uplo the very latest moment before Ihc
The chief engineer, ith part of his as
siidanls, had taken our smallest deck bout,
and before the ship went down u!Ied
away with about fifteen person.
We had succeed in getting ihc foe and
main yard and Iwo top giiLnl y ir Is over
board, and sncii o her small sp is and ma
criuls as we could collect, when I vv
fully cxiiiviuced that the ship must go
down in a very short time, and not a mo
ment was to be h,-t in gelling ihe spar
luh'ned together lo form urafl, tu du w hich
it became necessary t. get the life-boat,
our.cnly remaining boat in the water.
This being accomplished, I s.ivv Mr
Uorain, the chief officer of the U.;, tak
ing care to keep the. oars on board lo pre
vent them from leaving the shin, honing
still to get most of the women and children
in .Ihis boat at last. They had made eon
si lernble progress in collecting ihe spars,
when an alarm was given, that ihe ship
vas sinking, and the boat was shoved oh
ivithout oars or rnything tohelp them
selves with, and vvl en the ship sank lh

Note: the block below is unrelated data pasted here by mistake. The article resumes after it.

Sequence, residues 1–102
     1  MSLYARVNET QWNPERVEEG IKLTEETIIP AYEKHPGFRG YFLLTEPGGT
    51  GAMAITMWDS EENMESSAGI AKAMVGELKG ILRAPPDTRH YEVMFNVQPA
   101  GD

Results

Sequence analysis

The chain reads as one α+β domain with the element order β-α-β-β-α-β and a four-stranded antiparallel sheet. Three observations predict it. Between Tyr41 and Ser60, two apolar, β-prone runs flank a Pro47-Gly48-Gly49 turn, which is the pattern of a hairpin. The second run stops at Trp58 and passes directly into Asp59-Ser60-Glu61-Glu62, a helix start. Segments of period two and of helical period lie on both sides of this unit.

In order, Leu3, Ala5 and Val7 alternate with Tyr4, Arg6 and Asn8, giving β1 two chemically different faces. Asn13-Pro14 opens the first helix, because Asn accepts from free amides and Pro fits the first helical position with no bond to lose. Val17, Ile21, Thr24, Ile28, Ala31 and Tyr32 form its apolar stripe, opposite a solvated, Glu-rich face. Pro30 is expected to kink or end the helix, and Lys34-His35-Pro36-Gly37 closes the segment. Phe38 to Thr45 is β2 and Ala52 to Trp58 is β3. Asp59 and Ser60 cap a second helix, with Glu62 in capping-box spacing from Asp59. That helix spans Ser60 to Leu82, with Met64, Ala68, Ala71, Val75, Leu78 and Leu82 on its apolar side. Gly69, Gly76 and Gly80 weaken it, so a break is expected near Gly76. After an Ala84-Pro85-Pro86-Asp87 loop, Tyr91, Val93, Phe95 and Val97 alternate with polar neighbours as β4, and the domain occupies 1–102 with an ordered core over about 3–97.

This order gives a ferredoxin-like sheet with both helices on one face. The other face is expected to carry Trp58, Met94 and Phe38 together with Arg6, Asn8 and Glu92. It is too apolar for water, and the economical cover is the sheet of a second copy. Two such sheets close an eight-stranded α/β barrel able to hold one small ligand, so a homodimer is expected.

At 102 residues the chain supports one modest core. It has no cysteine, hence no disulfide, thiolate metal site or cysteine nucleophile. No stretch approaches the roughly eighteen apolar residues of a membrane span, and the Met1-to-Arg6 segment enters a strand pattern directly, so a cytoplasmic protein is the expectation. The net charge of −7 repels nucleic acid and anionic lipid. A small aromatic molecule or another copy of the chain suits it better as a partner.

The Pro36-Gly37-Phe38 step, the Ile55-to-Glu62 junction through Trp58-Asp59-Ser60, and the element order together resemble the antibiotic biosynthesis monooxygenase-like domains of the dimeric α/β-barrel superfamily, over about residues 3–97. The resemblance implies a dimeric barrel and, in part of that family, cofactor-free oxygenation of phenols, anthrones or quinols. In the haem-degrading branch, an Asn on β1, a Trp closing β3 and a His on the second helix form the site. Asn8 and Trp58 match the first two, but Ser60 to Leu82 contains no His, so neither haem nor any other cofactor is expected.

boat had gut clear, prob..b!y an eight of a
mile to leeward.
In an install', about a quarter to five r.
the ship went down, carrying every
sou! (n rxrsr l wi'h hr.
I soon fnnn l ir:y s-l f on the ftm fare, nf
Irr it Ir'n-f slritlinjj with my own li''p
let rhii I in tny nnns, whert pp.tin, I fi ll
piV"-if iinpelled ilownwurils to a prenl
ilcp'h. nnil hrfore I re irhr 1 Hie snrfac f
Ucei'ii l t iinc . h;wl marly pcrishe 1; nn-1 lot I
ih- hoU of tnv ehil 1. As I ne'ti'i 'rue-
'el to 'lie Mirf.iee of the water, h mos'
he.iri-reivli i inc scene pre'rn'ril i self to
my view over Iwo Inmdrpd men, women
and children s'rugiling together amidst
piecrs of wreck of r cry kind, enllingon
curb other for he lp, and imploring God to
asiit them. Such an npp dling scene may
God preserve me from ever w itnessiiur
I was in the act of Irving to save my
child, when a portion of the paddle-box
came rushing up edgew ise. just grating
my head, and falling withi s whole weiglil